Arendt, Hannah (b. 14 October 1906 in Hannover, died 4 December 1975 in New York) – Jewish American philosopher and political scientist. She studied at universities in Marburg, Freiburg im Breisgau, and Heidelberg. She was a student of Martin Heidegger, Edmund Husserl, Karl Jaspers (who was the supervisor of her doctoral thesis: Der Liebesbegriff bei Augustin). She migrated from Germany in 1933, first moving to France and eventually settling in the USA in 1940. She was an active member of various Jewish organisations working in the U.S., including the leftist Partisan Review.
She worked as the director of the Jewish Cultural Reconstruction in 1949-1952. In the years 1955-1975 she gave lectures at, among others, the University of California (1955), Princeton University, University of Chicago (1956, 1963-1967) and the New School for Social Research in New York (1967-1975). In 1951, she published her most famous work – The Origins of Totalitarianism (Polish samizdat edition, vol. 1-2, 1989). Seeking the historical sources of totalitarianism, she pointed to the formation of nation states in 19th-century Europe, which were largely modelled by anti-Semitism. What distinguishes Arendt’s analysis of totalitarianism from other works on the issue is not only her underlining the importance of anti-Semitism in the shaping of totalitarian states, but also drawing attention to the equally important fact: totalitarianism is constructed by the destruction of first the political and then the private sphere. The totalitarian reign is based on the total isolation of the individual, its isolation from the outside world (family, friends, social group). The totalitarian state could only achieve its goal through massive terror, closely associated with ubiquitous propaganda and methodical indoctrination.
A collection of Arendt’s essays called Between the Past and the Future was published in 1961 (Polish edition: 1994). It focused on finding the answer to the question of the causes of the deep political crisis of the 1920s and 1930s. According to Arendt, the foundation giving permanence to the Republican regime was the "Roman trinity: religion-authority-tradition," later absorbed by Christianity. When modern thinkers undermined the legitimacy and validity of resorting to tradition and authority, European nations started to undergo transformations leading to the progressive blurring of the ancient distinction between the private and the public sphere. According to Arendt, the individual was becoming completely alienated and the European society was undergoing atomisation. All this inevitably led to increased social tensions, uniting people in interest groups where authority was replaced by ideological objectives. In this context, tradition was becoming superfluous, the masses were more likely to be influenced by ideologues calling for breaking with the wrong and unjust political structures of the time. Earlier, the result of these developments had usually been revolts or/and rebellion, whereas in modern times – revolution.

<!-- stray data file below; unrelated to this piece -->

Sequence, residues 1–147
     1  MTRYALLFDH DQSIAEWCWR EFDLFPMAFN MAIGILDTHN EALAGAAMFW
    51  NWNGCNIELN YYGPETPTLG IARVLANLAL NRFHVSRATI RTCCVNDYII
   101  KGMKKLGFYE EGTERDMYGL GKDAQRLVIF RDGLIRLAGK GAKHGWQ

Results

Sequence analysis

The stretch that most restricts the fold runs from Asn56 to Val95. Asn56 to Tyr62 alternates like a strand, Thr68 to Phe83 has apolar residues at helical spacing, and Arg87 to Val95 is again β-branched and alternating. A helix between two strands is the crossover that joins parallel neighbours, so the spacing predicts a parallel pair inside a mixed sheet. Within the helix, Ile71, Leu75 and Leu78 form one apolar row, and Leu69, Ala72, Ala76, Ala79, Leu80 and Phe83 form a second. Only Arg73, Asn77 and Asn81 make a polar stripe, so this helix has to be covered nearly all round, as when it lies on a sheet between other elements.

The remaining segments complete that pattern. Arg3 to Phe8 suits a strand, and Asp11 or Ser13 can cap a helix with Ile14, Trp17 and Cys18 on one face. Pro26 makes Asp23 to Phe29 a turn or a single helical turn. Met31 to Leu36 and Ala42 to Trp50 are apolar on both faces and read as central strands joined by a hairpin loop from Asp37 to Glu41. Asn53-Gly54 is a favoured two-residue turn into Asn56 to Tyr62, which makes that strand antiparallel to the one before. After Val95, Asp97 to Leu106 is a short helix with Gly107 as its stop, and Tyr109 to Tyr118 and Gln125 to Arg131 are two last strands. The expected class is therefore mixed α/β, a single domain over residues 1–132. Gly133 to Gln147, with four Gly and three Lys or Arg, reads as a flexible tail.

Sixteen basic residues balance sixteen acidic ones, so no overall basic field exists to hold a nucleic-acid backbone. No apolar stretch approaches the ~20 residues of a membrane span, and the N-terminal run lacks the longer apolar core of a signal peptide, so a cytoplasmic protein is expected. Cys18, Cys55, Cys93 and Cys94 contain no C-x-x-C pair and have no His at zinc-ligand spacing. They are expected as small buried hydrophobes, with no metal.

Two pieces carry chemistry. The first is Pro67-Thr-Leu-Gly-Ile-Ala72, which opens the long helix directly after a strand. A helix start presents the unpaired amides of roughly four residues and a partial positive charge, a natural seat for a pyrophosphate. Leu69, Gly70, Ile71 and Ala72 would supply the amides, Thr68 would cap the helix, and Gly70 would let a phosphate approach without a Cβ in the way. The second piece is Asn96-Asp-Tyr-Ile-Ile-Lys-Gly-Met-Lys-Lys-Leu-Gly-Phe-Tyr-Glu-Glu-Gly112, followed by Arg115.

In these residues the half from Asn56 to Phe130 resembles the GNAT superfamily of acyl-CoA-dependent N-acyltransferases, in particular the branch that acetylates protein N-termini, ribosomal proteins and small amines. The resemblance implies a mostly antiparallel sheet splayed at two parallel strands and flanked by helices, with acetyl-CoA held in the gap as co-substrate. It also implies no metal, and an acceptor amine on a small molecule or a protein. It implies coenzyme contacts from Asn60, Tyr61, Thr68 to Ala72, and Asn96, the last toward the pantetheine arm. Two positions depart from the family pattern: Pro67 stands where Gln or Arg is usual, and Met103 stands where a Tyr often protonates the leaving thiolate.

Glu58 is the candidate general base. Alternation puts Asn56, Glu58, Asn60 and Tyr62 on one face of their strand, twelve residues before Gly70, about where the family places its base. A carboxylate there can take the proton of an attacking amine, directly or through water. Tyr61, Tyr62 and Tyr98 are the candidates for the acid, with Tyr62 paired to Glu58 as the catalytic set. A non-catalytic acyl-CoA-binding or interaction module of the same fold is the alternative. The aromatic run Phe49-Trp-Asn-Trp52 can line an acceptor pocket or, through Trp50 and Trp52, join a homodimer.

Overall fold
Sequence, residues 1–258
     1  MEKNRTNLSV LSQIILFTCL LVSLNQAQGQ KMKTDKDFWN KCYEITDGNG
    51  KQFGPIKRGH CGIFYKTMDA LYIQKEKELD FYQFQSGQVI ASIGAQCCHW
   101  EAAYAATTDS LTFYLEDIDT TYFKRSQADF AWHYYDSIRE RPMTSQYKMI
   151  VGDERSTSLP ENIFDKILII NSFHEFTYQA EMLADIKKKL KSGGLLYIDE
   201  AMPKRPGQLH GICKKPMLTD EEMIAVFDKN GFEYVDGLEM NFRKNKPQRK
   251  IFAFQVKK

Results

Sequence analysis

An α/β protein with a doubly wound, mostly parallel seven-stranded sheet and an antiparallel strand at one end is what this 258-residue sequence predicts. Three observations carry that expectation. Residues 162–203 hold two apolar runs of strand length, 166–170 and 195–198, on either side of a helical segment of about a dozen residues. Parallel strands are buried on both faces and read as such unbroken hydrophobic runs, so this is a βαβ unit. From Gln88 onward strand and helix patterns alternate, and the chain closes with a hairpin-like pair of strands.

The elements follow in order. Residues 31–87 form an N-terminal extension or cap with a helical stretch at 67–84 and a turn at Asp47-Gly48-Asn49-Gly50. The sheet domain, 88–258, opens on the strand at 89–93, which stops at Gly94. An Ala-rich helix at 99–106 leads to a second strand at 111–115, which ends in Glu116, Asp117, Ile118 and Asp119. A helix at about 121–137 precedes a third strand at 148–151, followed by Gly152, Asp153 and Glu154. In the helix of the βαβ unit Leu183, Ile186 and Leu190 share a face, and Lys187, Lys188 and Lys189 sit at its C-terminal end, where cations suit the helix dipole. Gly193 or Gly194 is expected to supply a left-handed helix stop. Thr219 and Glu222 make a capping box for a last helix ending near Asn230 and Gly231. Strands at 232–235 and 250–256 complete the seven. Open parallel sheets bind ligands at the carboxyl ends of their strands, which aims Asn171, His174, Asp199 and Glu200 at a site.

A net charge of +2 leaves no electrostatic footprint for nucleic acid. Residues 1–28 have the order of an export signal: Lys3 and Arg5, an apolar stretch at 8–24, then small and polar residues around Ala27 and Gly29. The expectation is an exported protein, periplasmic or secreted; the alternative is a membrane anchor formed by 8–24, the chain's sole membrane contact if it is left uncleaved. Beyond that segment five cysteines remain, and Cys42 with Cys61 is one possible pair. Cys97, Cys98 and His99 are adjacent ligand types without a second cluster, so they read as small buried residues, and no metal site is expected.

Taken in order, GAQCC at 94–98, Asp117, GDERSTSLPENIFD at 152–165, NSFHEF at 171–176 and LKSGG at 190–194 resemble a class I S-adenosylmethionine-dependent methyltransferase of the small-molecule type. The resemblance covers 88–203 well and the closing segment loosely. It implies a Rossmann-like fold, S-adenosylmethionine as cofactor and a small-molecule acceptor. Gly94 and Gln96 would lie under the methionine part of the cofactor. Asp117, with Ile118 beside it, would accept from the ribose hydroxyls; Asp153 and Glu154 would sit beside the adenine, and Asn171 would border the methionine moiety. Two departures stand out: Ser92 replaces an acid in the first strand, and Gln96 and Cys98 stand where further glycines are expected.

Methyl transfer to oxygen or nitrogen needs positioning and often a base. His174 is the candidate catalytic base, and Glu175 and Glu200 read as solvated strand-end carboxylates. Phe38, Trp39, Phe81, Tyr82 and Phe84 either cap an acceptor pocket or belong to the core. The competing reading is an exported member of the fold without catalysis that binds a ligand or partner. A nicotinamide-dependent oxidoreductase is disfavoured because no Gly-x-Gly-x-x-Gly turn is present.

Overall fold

Arendt returned to the analysis of the phenomenon of revolution in her work About Revolution (1963, Polish edition in 1991). Her deliberations on coercion and terror were complemented by the thesis of the rationalisation, or even banality of evil, depicted in the book devoted to the trial of A. Eichmann called Eichmann in Jerusalem. The Banality of Evil (1963, Polish edition in 1987). The three-volume work The Life of the Mind was to be the culmination of her scientific and literary career, but only two volumes were published after Arendt’s death in 1987:Thinking (Polish edition 1991) and Will (Polish edition in 1996). The work presents the author’s deliberations on nature and the purpose of thinking, will and judgement – Arendt recognised their full autonomy, in the sense of both their purpose and the rules they follow. Her philosophical views presented in the publication complemented her theory of the philosophy of politics. Other works by Arendt include: Men in Dark Times (1968), On Violence (1970), Crisis of the Republic (1972), Lectures on Kant’s Political Philosophy (1982), About Violence Civil Disobedience (Polish edition 1998), Human Condition (1958, Polish edition in 2000).
- Bradshaw L., Acting and Thinking. The Political Thought of Hannah Arendt, Toronto 1989.
- Canovan M., The Political Thought of Hannah Arendt, London 1974.
- Ettinger E., Hannah Arendt – Martin Heidegger, Kraków 1998.
- Kateb G., Hannah Arendt. Politics, Conscience, Evil, Oxford 1984.
- Parekh B., Hannah Arendt and the Search for New Political Philosophy, London 1981.
- Skarżyński R., “Hannah Arendt — budowanie myśli,” Literatura na Świecie 1985, no. 6.
- Tokarczyk R., Filozofia polityczna H. Arendt, Lublin 1994.
- Young-Bruehl E., Hannah Arendt: Love of the World, New Haven 1982.
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